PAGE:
Fear of nuclear war is still hard for me to properly understand. I was born into it, and the Soviet Union survived until I was 21. It’s like a prank they played on my entire childhood, like a Truman Show in reverse: “Ha ha, your whole world wasn’t actually on the verge of being vaporized in a sneak attack by heartless Slavs after all! LOL!” I could never grasp how the grown-ups were so blasé about it, how they went to work and watched Magnum, P.I. and cared about who was waiting in line outside Studio 54, when every single day might be our last. I realize now that most grown-ups understood the Cold War to be a Broadway show, and that nuclear annihilation was a dramatic device to sell aircraft carriers, and not actually likely. Nuclear panic was the province of kids, New Wave artists, peace activists, Germans and TV producers, and I was at least three of those things. National politics is always a Plato’s cave: if you’ve never been outside, the shadows are all you can know.
Reagan’s presidency was characterized by malapropisms, hostility to the arts, reckless law-and-order race-baiting, scapegoating of the poor and simpleminded anti-communism. Middle America lapped it up. That was the era when “liberal” became an epithet rather than a point of pride. It was also when I started to get wise to the fact that the establishment left were no saints either. My dad never spoke a bad word about the Democrats, but he knew where the bodies were buried and the shovels were kept. As I learned my history, it was less and less a binary world for me. I was becoming a radical, a peacenik and an environmentalist, and the Democratic Party seemed like people you wouldn’t accept a ride from. All the Tip O’Neills and Ted Kennedys seemed corrupt as hell, maybe even alcoholic date-rapers, but nowhere near as straight-up evil as James Watt and Antonin Scalia, who wanted to build pipelines through Yellowstone and murder gynecologists. I was learning to agitate for world revolution, but I knew enough to support the Democratic Party at the same time.
Laissez-faire capitalists and the patrician establishment understood Reagan’s cowboy act for what it was: bread and circuses for anti-communist ding-a-lings, a diversionary masquerade while they dismantled the regulatory system that had barely kept bankers, arms dealers and oilmen in check. It was a dark time for the left, but it felt swashbuckling because a movie star was in charge. Reagan was the embodiment of the Republican idea: virile, paternal, strict, religious without being righteous, fun without being funny, your ideal grandfather presiding over Thanksgiving dinner. I turned 18 during his second term and my childhood was over with a whimper. I went into adulthood more convinced than ever that the natural condition of the presidency was to be Republican, to teach creationism in Pennsylvania schools and put handguns in purses nationwide. Sadly, there were far worse presidents to come, and some of the same warlocks returned. But this magazine isn’t called Seattle’s Adult, so I’ll leave it at that.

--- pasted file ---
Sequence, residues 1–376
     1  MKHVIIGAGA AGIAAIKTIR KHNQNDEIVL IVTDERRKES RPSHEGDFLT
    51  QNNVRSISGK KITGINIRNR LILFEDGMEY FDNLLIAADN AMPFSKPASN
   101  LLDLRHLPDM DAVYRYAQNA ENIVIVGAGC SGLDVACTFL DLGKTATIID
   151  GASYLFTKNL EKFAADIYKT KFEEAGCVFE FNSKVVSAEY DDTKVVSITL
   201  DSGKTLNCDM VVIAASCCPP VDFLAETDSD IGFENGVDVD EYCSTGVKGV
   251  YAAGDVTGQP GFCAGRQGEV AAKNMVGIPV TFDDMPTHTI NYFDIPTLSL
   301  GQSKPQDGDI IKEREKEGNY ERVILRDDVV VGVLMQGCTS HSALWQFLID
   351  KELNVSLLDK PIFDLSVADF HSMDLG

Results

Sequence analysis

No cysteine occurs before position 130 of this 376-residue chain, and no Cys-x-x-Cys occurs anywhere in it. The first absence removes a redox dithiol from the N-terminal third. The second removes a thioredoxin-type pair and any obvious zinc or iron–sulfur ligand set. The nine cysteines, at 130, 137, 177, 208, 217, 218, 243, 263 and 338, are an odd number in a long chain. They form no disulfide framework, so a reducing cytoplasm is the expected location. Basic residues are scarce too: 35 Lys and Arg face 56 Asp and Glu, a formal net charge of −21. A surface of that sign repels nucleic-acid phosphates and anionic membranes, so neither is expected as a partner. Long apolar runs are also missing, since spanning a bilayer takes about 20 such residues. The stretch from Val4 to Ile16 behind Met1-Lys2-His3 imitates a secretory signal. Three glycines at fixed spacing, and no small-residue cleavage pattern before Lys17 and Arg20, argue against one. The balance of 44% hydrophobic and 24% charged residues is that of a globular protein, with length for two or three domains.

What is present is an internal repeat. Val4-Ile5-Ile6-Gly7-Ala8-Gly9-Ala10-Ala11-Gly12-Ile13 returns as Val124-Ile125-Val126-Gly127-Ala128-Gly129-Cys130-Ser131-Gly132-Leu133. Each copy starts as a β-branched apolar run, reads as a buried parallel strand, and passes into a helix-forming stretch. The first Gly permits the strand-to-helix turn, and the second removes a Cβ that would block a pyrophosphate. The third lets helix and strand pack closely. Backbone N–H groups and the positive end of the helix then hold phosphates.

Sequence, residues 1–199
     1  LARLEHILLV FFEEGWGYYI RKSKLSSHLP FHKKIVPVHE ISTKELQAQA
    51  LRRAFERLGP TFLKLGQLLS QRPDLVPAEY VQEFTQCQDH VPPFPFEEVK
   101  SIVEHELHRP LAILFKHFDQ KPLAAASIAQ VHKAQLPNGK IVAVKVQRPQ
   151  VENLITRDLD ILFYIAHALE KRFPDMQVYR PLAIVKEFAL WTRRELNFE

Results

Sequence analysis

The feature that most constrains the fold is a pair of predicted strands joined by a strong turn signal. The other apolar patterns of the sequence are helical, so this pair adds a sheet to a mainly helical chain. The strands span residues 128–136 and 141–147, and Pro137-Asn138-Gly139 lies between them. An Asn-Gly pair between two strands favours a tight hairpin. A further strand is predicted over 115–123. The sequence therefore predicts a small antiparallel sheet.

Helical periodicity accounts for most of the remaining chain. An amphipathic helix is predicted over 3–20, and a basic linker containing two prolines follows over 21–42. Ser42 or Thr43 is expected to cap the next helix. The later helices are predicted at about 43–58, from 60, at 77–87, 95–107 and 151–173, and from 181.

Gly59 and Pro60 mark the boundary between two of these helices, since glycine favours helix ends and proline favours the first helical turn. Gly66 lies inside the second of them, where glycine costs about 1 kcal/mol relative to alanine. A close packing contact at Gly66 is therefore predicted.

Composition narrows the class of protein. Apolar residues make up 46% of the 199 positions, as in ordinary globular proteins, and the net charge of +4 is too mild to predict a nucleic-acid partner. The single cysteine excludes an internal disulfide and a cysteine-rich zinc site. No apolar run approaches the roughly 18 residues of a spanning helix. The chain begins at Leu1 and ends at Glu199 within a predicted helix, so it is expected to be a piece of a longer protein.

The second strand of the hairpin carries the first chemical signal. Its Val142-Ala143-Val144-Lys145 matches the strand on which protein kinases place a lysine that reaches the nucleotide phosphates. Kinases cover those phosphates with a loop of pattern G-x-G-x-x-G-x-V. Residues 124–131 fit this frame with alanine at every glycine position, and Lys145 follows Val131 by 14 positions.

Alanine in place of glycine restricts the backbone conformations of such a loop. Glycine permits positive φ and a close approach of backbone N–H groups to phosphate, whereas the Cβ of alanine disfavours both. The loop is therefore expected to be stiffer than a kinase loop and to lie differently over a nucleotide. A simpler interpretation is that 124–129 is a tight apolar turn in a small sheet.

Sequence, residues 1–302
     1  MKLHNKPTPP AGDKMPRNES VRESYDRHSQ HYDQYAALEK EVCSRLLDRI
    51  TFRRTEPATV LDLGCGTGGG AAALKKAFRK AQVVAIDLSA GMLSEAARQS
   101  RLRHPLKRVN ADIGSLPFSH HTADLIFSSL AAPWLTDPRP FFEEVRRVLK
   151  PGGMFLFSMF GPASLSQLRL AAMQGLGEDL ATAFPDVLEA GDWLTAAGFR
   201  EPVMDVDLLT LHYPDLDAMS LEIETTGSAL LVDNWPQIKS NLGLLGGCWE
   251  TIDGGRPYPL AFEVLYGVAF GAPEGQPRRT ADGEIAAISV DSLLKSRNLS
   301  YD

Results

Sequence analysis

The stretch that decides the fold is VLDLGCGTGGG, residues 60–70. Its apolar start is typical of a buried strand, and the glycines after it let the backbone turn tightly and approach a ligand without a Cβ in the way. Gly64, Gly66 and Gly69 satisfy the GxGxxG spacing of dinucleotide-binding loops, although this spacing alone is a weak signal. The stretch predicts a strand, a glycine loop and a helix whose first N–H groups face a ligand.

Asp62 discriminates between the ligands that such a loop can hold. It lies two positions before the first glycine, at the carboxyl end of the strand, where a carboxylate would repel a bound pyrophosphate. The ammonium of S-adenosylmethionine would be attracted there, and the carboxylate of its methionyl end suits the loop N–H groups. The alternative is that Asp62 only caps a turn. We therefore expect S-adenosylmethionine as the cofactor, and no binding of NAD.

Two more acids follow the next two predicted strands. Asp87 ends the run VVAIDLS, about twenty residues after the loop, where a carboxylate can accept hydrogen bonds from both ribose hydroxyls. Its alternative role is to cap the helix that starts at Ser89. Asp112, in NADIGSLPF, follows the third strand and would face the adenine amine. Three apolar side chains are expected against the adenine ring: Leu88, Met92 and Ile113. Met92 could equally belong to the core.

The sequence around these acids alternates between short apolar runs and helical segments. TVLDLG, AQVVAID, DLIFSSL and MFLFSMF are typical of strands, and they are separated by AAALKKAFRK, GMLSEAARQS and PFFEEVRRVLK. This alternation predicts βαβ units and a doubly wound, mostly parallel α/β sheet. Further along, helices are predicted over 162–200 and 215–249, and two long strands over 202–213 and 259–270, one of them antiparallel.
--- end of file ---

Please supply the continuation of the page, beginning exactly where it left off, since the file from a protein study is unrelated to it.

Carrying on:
Watching my 5-year-old overhear the first major election of her life, as I’d done when Nixon beat McGovern in 1972, was fascinating. She has no idea that a woman has never been president. Why should she? She’s from a leftist family and goes to school in a multicultural kindergarten bubble in a progressive enclave within a liberal metropolis, where overt racism and sexism have yet to intrude into her world. She knows the smiling blonde lady didn’t win and the weird orange hobgoblin did, but she has no premonitions of dread. Two months ago, she got a generous laugh from any adult when she gave her “Trump is bad!” dance performance. Once she started getting only strained grimaces, she mostly dropped it from her repertoire.
When I think about my daughter’s future, I remember the crazy politics of my entire life. Trump will be my 10th president, and this was my 13th election cycle, and though it feels like politics has never been more bizarre, it’s absolutely been true that the arc of the moral universe is long and bends toward justice. Despite years of Republican dominance, the march of liberal progress has been the one constant of my political life. Conservatives can move the ball back down the field, but their anxiety is a product of vaguely recognizing that the whole field is moving forward. The world is better now than it was in 1968, and will keep getting better no matter who’s in charge.
That’s my daughter’s future.John Roderick is the singer and songwriter responsible for the Seattle band The Long Winters, and the co-host of the Roderick on the Line podcast. He tweets @JohnRoderick.